MEMPHIS, Tenn. — Precision, musicianship, and humanity are just three of the teachings legendary band director Herman Rankins taught his students from the ’50s through the late ’70s at George Washington Carver High School.
He brought class, soul, and precision to the fairly new high school in South Memphis in the 1950s.
Rankins was a musician who took his talents to the classroom to teach lessons his students still remember more than 60 years later.
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As the legendary band director who spent more than 20 years at Carver High School, Rankins mastered their sound and created a culture of music excellence.
Former student Lee Miller played trumpet in Carver’s band. Miller went on to become a member of the famed Morris Brown College marching band. He remembers his mentor as someone who didn’t take or make excuses.
Miller says from the ’50s through the ’70s, there were only five high schools for blacks, and they all stood out for their music.
“We all strived to follow in his footsteps. He taught us not only to be musicians but whatever your endeavor was in life, be the very best at it you could be,” Miller said.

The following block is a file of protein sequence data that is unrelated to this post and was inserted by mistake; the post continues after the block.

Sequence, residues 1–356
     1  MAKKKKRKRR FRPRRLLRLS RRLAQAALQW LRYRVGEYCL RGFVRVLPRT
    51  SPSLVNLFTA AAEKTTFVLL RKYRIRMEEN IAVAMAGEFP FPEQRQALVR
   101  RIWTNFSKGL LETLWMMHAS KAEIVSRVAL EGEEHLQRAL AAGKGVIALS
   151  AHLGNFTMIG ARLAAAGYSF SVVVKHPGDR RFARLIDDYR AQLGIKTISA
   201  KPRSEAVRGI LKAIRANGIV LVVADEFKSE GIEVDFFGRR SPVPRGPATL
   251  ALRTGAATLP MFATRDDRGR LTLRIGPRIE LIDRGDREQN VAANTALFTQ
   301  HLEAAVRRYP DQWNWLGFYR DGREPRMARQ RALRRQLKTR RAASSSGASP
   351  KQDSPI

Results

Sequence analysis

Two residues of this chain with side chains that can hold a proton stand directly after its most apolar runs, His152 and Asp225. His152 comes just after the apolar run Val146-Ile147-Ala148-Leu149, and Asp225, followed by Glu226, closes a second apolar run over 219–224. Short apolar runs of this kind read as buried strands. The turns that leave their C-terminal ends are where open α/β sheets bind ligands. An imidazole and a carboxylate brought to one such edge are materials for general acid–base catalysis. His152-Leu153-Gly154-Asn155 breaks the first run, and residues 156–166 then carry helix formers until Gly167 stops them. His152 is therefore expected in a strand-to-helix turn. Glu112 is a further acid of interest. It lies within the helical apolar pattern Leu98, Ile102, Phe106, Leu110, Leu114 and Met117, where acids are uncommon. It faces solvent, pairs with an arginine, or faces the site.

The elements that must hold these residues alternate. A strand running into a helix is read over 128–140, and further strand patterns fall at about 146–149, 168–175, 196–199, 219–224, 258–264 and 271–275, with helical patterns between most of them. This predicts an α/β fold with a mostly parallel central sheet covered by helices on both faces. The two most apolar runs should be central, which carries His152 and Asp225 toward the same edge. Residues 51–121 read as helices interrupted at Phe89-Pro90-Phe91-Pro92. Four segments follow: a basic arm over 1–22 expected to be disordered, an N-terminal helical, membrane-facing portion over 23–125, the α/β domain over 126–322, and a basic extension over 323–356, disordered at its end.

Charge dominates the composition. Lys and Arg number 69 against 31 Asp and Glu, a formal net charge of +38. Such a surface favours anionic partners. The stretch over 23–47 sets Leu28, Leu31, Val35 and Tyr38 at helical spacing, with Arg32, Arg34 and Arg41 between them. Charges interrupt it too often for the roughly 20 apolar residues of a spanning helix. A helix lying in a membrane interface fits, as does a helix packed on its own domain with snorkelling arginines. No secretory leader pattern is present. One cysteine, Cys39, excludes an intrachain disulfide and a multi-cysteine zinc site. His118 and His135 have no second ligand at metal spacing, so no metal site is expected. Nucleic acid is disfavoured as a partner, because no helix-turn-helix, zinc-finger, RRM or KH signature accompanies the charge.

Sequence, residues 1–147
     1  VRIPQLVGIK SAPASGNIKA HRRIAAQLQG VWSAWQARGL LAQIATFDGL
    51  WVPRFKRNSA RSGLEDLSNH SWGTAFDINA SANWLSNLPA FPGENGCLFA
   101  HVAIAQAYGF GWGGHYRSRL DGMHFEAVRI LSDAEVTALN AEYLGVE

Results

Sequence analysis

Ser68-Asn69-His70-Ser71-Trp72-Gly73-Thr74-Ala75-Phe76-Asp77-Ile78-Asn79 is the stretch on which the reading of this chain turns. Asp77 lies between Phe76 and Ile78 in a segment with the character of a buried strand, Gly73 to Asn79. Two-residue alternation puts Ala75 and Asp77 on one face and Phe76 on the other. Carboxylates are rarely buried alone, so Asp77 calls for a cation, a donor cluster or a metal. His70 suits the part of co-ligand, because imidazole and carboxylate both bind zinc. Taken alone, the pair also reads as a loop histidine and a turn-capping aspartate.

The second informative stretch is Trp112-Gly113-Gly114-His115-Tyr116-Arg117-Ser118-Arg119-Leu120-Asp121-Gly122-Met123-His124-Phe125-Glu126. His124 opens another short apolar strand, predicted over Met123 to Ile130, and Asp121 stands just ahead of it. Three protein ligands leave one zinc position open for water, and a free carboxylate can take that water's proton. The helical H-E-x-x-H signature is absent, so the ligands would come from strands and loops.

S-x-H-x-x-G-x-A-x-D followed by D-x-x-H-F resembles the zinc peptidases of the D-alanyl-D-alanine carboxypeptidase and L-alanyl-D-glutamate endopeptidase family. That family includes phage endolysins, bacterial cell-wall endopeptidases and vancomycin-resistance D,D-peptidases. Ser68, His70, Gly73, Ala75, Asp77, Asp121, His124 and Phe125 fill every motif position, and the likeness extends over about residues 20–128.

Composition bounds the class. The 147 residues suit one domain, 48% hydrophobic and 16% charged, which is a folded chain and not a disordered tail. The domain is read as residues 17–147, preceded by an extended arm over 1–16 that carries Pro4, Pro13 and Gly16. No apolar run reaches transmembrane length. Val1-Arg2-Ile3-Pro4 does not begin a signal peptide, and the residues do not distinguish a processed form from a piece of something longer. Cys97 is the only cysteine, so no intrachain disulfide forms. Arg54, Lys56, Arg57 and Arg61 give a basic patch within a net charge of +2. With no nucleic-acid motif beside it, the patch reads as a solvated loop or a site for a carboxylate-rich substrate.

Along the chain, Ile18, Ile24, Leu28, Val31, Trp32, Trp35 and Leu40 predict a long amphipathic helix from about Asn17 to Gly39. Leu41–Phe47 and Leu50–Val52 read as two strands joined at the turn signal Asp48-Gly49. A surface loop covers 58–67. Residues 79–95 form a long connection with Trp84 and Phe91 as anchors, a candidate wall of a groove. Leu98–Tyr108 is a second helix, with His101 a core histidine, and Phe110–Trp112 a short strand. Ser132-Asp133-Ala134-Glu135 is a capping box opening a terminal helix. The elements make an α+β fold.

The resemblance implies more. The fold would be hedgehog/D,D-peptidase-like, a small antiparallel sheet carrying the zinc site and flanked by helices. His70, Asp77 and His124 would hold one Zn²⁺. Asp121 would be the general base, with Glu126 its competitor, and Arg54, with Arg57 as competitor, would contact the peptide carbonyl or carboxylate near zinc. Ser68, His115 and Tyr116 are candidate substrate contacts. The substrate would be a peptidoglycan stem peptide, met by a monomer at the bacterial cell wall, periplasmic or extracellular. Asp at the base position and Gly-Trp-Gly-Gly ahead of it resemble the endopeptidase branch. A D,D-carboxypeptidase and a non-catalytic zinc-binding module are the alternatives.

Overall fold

Miller says under Rankins’s guidance, the halftime was the show no one wanted to miss.
Carver’s band became one of the first Black bands to integrate the Cotton Carnival Parade and was the only Black band to play for President Lyndon Johnson when he visited Memphis in 1964.
Miller says many of Rankins’s students went on to further their education in music.
“We learned a lot of the routines we did from graduates of carver high school. Graduates went on to Florida A&M, Arkansas A&M, Morris Brown College, UCLA, USC, Langston, Kentucky State, Tennessee State,” Miller said.
After leaving Carver in 1978, Rankins moved to Los Angeles, where he continued to be involved in the education of children.
Many of his students went on to have careers in music, working with the likes of Isaac Hayes, while others went on to become successful in other careers.